3. By that seventh draft, Gremlins is pretty much Gremlins as we know and love it—except that at the end (I can barely bear to share this with you, it makes me so uncomfortable) Gizmo sprouts wings and flies off like a beautiful butterfly leaving behind a trail of fairy dust. I'M SERIOUS.§

In conclusion...

I still sort of want to know what Gizmo would be like as a gremlin. And that's one to grow on.

This actually I can sort of see Gizmo doing.

* Forgive the nonstandard formatting; can't be bothered to approximate the right way on Blogger.

† Most of the gremlins in the movie are descended directly from Stripe (and presumably his own offspring) in the pool at the YMCA and start right out as gremlins, but the first batch of them start out as mogwai and pop out of Gizmo's wet back. Billy and his mom—mainly his mom—kill all Gizmo's original offspring except Stripe; when Billy's hunting Stripe, pre–swimming pool, there is another gremlin out there—the one from the school, Gizmo's grandkid—but presumably he winds up in the movie theater with the rest of them; no need to worry. (NOTE: In that 1981 draft, Billy's mom doesn't kill all those gremlins [in that amazing sequence with the blender, the microwave, etc.]. No: they kill her. And the dad. Then they throw their severed heads at Billy. True story!)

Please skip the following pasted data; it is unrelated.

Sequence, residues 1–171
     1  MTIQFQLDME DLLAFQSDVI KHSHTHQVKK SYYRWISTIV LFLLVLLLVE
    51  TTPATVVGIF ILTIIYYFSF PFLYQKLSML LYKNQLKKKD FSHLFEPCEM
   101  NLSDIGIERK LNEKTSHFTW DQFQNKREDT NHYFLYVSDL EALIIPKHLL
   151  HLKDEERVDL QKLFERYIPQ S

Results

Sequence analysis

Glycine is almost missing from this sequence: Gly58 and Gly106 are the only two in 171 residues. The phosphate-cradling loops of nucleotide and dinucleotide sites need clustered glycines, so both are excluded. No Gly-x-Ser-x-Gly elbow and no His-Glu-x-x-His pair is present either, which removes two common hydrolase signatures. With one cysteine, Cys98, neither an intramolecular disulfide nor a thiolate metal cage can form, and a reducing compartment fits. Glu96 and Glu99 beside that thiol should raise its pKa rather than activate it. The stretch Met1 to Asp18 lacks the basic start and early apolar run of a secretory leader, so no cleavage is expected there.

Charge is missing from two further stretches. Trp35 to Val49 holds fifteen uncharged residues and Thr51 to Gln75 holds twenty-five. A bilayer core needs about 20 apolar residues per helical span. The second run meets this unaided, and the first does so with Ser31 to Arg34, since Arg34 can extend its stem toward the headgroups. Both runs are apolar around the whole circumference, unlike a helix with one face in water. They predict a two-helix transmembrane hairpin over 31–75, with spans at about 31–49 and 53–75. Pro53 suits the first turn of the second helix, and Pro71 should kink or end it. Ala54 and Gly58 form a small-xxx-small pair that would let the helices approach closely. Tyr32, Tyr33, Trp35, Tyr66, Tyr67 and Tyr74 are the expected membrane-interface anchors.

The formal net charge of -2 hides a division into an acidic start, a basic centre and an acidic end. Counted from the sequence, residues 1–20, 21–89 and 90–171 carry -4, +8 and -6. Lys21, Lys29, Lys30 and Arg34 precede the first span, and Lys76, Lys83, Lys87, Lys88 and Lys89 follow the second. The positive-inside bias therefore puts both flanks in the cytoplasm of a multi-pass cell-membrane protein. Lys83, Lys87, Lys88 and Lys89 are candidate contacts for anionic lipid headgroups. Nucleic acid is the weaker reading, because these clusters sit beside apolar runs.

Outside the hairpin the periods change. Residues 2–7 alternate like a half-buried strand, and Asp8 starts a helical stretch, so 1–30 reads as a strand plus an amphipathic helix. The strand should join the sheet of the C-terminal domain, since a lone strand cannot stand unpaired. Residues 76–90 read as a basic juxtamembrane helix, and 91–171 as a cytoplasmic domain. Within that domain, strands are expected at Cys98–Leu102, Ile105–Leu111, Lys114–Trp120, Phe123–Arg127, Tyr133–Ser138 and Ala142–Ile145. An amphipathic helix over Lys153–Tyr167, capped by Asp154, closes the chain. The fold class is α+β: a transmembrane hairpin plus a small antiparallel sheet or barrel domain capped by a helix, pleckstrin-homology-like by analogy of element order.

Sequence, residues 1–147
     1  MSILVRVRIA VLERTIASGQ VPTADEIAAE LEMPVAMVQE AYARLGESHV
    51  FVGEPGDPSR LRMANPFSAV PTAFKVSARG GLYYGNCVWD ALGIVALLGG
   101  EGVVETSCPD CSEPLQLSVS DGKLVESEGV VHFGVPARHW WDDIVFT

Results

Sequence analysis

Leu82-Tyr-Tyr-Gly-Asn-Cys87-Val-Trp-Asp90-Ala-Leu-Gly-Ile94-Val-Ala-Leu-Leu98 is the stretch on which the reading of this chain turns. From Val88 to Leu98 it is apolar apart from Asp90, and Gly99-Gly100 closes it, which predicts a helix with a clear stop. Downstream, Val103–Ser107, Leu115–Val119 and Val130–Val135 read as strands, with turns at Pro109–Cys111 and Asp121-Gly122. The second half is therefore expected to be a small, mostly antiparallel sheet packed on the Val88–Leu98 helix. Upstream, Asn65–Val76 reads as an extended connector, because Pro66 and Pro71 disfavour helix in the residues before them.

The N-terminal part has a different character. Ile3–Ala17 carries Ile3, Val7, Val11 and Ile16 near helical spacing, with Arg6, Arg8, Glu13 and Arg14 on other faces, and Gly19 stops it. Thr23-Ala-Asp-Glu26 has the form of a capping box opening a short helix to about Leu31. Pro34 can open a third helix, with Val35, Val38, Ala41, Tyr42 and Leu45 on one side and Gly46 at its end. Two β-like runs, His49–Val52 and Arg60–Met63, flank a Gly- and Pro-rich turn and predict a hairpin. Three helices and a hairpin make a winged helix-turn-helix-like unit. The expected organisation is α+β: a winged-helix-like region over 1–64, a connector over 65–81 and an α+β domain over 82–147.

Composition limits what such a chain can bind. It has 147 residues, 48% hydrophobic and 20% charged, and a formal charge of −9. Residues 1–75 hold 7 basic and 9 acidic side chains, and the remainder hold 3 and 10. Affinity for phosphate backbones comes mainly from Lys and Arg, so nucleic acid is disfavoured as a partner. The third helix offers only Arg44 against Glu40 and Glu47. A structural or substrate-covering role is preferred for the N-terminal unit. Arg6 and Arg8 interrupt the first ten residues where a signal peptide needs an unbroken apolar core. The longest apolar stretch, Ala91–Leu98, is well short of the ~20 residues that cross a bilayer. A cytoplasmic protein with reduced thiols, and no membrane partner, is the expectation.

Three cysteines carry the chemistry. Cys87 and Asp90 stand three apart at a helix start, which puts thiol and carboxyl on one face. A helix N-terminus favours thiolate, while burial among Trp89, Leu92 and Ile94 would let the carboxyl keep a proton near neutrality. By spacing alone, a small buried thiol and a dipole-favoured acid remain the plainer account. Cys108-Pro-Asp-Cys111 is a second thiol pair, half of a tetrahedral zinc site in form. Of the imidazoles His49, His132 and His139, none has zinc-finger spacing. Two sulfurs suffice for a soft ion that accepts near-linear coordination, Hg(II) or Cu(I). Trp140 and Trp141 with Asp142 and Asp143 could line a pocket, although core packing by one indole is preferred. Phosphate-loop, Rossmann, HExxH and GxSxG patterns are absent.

Cates Kate's Christmas story makes a lot more sense in this first draft. Interestingly, in both the 1981 script and the 1983 script, the story belongs to someone other than Kate; the 1981 script gives it to Dorry, the owner of the bar, and the 1983 script gives it to Gerald, the Judge Reinhold character. It just kept getting moved around. (To be fair, it is a weirdly amazing story.)

§ You can almost read this as a super-cynical fuck-you gesture, satirizing the very concept of Gizmo: keeping in mind that Gizmo was added later, might Columbus have been saying, "Yeah, this angelic mogwai, mogwai meaning devil, remember...since he's here, he might as well transmogrify into some goddamned magical Disney character." (Interestingly, that 1981 draft describes the mogwai as being cuter than any Disney character...but that one ate dog instestines and laughed.)

Thursday, April 8, 2010

Lincoln–Kennedy, Bonaparte–Child

This old chestnut!*